The difference in grip character between MotoGP's new Michelin tyres and the former Bridgestone rubber is also reflected in the racing lines being taken out on track.

While the stand-out feature of the Japanese rubber was its front grip, it is the rear tyre that excels for Michelin. And it's not only bike design and set-up that needs to adapt, the riders are also changing their technique.

"The thing that we're able to do with the Michelins that we weren't able to do with the Bridgestones is carry more lean angle on more throttle," explained Monster Yamaha Tech 3's Bradley Smith. "You can actually get the bike to hook around the corner from the rear tyre a little bit more.

"Whereas with the Bridgestones, you had to kind of go in and then you sat for a little while, while it spun, and then you had to pick it up and go. But with the Michelin, if you touch the throttle early, it hooks around the corner.

"I think that's why you're seeing a few different lines; it's actually guys have a bit more side grip than we've had here in the past."

"Bridgestone also brought tyres here to be fully safe, after their drama with the two-part race [in 2013]. What we got in October was the softest compound front tyre that Bridgestone made, and an absolute rock in the rear."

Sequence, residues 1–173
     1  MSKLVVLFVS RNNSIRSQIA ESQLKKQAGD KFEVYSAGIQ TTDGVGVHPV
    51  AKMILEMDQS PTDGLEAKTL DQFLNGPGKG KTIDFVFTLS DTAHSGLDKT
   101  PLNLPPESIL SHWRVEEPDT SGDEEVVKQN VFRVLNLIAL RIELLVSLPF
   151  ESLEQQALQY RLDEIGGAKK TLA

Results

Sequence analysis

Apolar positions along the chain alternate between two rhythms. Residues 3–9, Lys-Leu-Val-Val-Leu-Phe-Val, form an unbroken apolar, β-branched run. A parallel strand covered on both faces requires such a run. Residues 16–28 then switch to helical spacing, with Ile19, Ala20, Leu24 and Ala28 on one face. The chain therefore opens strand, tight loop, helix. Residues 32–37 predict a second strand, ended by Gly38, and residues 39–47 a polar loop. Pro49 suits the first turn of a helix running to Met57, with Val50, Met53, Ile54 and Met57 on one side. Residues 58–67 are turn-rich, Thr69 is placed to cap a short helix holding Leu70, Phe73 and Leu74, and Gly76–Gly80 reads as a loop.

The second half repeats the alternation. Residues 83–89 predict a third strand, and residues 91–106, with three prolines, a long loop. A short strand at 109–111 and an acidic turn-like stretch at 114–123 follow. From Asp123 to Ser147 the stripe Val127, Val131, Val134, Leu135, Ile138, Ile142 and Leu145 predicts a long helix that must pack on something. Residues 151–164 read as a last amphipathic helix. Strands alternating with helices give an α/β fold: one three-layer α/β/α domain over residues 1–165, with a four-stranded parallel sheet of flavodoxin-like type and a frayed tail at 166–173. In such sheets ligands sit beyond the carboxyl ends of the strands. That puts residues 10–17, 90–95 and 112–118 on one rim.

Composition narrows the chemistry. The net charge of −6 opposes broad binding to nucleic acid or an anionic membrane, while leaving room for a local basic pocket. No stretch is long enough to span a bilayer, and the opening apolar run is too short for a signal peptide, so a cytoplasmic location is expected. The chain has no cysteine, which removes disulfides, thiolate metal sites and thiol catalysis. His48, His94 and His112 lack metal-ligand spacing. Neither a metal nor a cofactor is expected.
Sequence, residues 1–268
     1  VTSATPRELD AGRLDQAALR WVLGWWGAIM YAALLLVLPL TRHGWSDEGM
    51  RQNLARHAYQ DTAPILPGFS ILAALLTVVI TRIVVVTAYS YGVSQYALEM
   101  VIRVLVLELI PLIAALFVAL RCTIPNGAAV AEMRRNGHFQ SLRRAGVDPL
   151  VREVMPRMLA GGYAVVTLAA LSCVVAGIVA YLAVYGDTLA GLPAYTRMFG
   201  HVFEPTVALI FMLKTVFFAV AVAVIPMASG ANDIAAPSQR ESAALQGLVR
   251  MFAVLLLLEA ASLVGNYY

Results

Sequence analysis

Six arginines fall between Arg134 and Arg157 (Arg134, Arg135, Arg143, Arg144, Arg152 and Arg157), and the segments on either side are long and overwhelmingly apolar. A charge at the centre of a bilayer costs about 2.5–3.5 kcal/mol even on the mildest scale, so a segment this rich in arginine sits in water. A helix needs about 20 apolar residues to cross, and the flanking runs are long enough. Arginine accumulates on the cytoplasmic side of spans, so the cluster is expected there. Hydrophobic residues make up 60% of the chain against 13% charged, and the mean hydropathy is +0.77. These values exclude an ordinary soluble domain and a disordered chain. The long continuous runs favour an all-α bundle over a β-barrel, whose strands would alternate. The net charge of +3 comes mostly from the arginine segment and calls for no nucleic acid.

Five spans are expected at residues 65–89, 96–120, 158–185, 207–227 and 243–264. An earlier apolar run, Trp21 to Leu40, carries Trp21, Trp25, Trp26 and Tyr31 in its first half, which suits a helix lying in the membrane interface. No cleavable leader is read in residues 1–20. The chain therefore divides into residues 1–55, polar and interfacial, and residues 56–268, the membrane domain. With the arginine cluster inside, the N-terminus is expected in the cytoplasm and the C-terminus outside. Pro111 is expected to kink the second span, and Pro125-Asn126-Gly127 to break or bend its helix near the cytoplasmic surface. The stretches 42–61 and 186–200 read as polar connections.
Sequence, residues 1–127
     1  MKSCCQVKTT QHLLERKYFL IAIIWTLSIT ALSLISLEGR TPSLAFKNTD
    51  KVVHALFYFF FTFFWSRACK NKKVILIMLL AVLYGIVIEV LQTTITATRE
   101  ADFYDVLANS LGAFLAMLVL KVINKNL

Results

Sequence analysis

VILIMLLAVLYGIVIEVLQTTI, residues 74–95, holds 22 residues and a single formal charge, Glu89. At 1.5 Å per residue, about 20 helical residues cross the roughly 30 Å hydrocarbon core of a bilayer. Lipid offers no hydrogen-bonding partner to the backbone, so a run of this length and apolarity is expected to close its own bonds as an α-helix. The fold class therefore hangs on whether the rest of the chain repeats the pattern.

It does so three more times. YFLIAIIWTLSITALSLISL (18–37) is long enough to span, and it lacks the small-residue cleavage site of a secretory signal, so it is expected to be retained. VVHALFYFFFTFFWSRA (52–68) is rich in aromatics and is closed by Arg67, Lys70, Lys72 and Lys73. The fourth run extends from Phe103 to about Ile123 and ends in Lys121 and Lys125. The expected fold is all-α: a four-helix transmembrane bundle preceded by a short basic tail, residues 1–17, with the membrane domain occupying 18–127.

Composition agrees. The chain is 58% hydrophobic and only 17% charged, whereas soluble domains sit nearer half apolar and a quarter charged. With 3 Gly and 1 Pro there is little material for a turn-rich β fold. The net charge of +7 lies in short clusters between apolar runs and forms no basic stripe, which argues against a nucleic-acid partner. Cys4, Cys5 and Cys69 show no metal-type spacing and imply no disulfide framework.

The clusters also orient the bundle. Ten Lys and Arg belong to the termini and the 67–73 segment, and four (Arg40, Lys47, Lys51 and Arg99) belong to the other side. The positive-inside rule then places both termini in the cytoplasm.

While riders have long been happy with the Michelin rear, progress was needed for the front, which initially offered a worrying lack of feedback. A significant step came in the form of a bigger profile, first given to the factory riders at Sepang and then available to the likes of Smith at Phillip Island.

"This new front tyre, slightly bigger profile, that's even better again," Smith declared. "You can feel that bigger contact patch all the way in [to the corner], which is finally what we need. It steers like a truck, but we can force it round the corner, and we can make it work like that.

"It doesn't make it easy to ride, but it means you can carry the corner speed through and that's what finally gives us lap time. There's a few subtle things that we have to change for it. But really it's just bolt it in and go half a second quicker, which is nice."

But there is clearly more work to be done: After two relatively incident-free days, the last day at Phillip Island saw no less than eleven riders fall - almost all due to losing the front.

The cooler than expected weather, plus trials of some harder front compounds were cited as factors, but with the opening race less than a month away riders will be eager for a less eventful final test in Qatar.